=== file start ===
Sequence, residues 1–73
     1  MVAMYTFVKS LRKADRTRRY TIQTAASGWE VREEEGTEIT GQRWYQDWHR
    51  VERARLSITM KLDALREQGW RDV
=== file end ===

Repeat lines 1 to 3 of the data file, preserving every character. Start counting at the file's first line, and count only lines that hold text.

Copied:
Sequence, residues 1–73
     1  MVAMYTFVKS LRKADRTRRY TIQTAASGWE VREEEGTEIT GQRWYQDWHR
    51  VERARLSITM KLDALREQGW RDV